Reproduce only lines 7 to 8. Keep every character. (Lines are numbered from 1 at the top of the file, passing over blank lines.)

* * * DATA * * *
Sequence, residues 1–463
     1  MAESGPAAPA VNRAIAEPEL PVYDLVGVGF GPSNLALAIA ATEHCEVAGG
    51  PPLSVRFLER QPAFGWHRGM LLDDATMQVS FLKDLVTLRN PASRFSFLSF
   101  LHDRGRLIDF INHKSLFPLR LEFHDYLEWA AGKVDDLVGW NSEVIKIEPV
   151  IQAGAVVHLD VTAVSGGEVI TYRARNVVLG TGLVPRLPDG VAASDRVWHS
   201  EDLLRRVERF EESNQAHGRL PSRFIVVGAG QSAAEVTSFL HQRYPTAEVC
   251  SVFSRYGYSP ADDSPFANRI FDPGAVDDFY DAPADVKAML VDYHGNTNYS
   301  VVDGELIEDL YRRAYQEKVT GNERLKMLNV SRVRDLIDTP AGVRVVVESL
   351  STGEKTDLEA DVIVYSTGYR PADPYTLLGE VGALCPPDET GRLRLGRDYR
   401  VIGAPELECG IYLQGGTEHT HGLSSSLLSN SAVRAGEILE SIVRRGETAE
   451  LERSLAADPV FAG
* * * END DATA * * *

   251  SVFSRYGYSP ADDSPFANRI FDPGAVDDFY DAPADVKAML VDYHGNTNYS
   301  VVDGELIEDL YRRAYQEKVT GNERLKMLNV SRVRDLIDTP AGVRVVVESL